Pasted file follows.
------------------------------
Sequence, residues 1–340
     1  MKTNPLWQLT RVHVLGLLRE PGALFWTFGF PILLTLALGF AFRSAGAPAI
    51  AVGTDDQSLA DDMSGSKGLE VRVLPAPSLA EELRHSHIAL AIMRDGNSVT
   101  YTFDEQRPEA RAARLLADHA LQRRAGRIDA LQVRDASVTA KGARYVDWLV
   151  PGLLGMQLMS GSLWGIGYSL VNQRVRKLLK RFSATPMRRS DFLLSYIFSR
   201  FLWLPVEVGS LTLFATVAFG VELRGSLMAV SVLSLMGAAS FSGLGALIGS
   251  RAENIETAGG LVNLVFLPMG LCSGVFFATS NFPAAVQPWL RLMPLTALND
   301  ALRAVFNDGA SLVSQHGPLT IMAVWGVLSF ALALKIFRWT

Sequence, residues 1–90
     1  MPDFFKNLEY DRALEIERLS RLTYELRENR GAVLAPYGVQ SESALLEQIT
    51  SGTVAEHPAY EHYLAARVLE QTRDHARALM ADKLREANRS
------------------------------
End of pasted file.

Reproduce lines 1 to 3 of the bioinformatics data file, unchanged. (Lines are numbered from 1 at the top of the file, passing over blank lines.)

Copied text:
Sequence, residues 1–340
     1  MKTNPLWQLT RVHVLGLLRE PGALFWTFGF PILLTLALGF AFRSAGAPAI
    51  AVGTDDQSLA DDMSGSKGLE VRVLPAPSLA EELRHSHIAL AIMRDGNSVT